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Midlands Appraisal Group, LLC has answers to "Frequently Asked Questions"

Midlands Appraisal Group, LLC is always prepared to address any inquiries you might have about appraisals or real estate in Camden and Kershaw County. Feel free to contact us today.

Describe an appraisal
What does an appraiser do?
What would cause me to request your services?
How is an appraisal different than a home inspection?
Is an appraisal the same as a comparative market analysis(CMA)?
What's in an appraisal report?
After completing the appraisal, what assurance is there that the value indicated is legitimate?
What are the requirements to be a certified appraiser?
Who do appraisers work for?
Where does an appraiser get the information used to estimate values in Kershaw County or other areas?
What can a full appraisal do for me?
My mortgage statement has an item on it for PMI? Can I get rid of that?
Should I do anything in advance of the appraisal inspection
Define "Market Value"
Does the appraisal belong to the bank or the consumer?
Are some home improvements more worthwhile than others?



Describe an appraisal   (See list of FAQ's)

An appraiser performs an evaluation that produces an opinion of value. There are three "common approaches to value" which assists the appraiser come to this opinion or valuation. One of the processes is the Cost Approach - which is what it would cost to replace the improvements, less physical deterioration and other factors, plus the land value. The Sales Comparison Approach involves finding comparable houses in close proximity and discerning value based on making a comparison of those homes to the home being appraised. Being the most commonly used approach, the Sales Comparison Approach tends to be the most precise and best indicator of market value for a residential property. One of the least common approaches in appraising homes is the Income Approach, which is mainly used to find the market value of a property based on what an investor would pay based on the income produced by the building.

What does an appraiser do?   (See list of FAQ's)

An appraiser offers a professional, unbiased opinion of market value, in the support of real estate exchanges. Appraisers summarize their analysis in appraisal reports.


What would cause me to request your services?   (See list of FAQ's)

There are many reasons to order an appraisal with the usual reason being real estate and mortgage transactions. A few other reasons for purchasing an report include:
  • If you are applying for a loan.
  • To reduce your property taxes.
  • To show a homeowner has 30% equity and remove insurance.
  • To fight high property taxes.
  • If you need to settle an estate.
  • To offer you a negotiating tool when purchasing a home.
  • To determine the most probable sales price when listing your home.
  • To ensure parties are provided just compensation in eminient domain cases.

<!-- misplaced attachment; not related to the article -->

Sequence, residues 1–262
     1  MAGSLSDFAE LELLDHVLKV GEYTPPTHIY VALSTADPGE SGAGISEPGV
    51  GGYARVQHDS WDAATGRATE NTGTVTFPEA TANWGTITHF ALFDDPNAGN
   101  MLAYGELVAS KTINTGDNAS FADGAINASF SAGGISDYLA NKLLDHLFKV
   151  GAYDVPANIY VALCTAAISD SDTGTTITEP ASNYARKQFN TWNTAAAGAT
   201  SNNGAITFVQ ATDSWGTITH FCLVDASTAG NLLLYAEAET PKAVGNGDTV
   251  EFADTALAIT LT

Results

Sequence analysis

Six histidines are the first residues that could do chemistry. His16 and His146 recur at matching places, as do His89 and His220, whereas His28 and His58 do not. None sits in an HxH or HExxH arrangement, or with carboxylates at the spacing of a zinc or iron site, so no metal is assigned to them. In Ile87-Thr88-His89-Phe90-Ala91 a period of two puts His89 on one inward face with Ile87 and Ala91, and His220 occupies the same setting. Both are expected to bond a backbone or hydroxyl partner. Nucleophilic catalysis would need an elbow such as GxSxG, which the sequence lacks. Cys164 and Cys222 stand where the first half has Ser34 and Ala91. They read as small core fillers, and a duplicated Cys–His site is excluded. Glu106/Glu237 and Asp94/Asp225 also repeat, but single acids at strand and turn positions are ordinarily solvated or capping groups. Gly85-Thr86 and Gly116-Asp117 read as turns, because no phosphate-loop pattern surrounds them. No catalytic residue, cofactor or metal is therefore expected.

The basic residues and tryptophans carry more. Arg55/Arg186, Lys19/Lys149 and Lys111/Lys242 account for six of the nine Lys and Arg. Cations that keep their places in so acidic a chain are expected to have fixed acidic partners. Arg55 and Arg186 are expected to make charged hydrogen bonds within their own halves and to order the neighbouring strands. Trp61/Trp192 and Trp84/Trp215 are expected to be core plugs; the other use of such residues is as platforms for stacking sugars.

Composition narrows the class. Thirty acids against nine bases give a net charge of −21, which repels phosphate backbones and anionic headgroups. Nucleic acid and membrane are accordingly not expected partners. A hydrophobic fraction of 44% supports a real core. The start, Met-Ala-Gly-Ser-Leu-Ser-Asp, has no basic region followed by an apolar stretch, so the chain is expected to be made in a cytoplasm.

• Because an official agency such as the IRS requires it.
  • If you are ever involved in a lawsuit.
For a more extensive explanation of the appraisal process click here.


How is an appraisal different than a home inspection?   (See list of FAQ's)

The appraiser is not a home inspector and does not do a full home inspection. A third-party home inspector will evaluate the structure of the property, from the roof to the bottom. Usually, a home inspection report will explain the amenities and the requirements of the house: air conditioning (weather permitting), electrical services, the condition of the heating system, the plumbing; then the structural capacity of the home such as the attic, visible insulation, walls, floors, ceilings, windows, then the foundation, basement and visible structures.

Is an appraisal the same as a comparative market analysis(CMA)?   (See list of FAQ's)

Simply put, it's apples and oranges. The CMA uses market trends to generate most of their business. The appraisal is based on specific proven comparable sales. In addition, the appraisal checks other factors like condition, neighborhood and replacement costs. The CMA will provide a non-specific figure. Being a documented and carefully investigated opinion of value, appraisals are defensible and stand up in legal situations.

Who's behind the report is frankly the biggest difference between a CMA and an appraisal. Real estate agents, who may not have a complete understanding of valuation methods or the entire market, generate CMA's. The appraisal is created by a licensed, certified professional who has made a career out of valuing properties. Likewise, the agent has a vested interest in the property's selling price - their commission - whereas the appraiser is bound by a code of ethics to accept a flat sum for work they perform, regardless of their value conclusion.

What's in an appraisal report?   (See list of FAQ's)

The main purpose of an appraisal document is to let the reader know the value of the real estate in question, and depending on the scope of the report, one will customarily see the following:
  • Who engaged the appraiser and whose purposes the appraisal is to serve.
  • How the appraisal is supposed to be used.
  • The appraisal's purpose.
  • The type of value reported and a definition of that value.
  • The effective date of the appraisal.
  • Pertinent property attributes, including: location, physical description, legal attributes, economic factors, the property rights in question, and non-real estate items included in the valuation, such as personal property, trade fixtures and even intangible considerations.
  • Any known easements, restrictions, encumbrances, leases, reservations, covenants, contracts, declarations, special assessments, ordinances, and the like.
  • Division of interest, such as fractional interest, physical segment and partial holding.
  • What was entailed in the activity of completing the job.
For a more comprehensive look at all that goes into an appraisal report click here: Sample Appraisal Report


After completing the appraisal, what assurance is there that the value indicated is legitimate?   (See list of FAQ's)

In communicating an appraisal report, each appraiser must ensure the following:
  • That the information analysis utilized in the appraisal was proper.

  • Whether individually or collectively, there were no grave errors contained in the report, nor any relevant details left out.

  • That appraisal services were not carried out in a careless or negligent fashion.

  • That a believable, supportable appraisal report was communicated.
To become a state licensed appraiser, we must satisfy extensive education and experience requirements that train us to produce an unbiased opinion. Likewise, appraisers must follow a strict industry code of ethics and respect national standards of practice for real estate appraisal. The guidelines for working up an appraisal and communicating its results are insured by enforcement of the Uniform Standards of Professional Appraisal Practice (USPAP).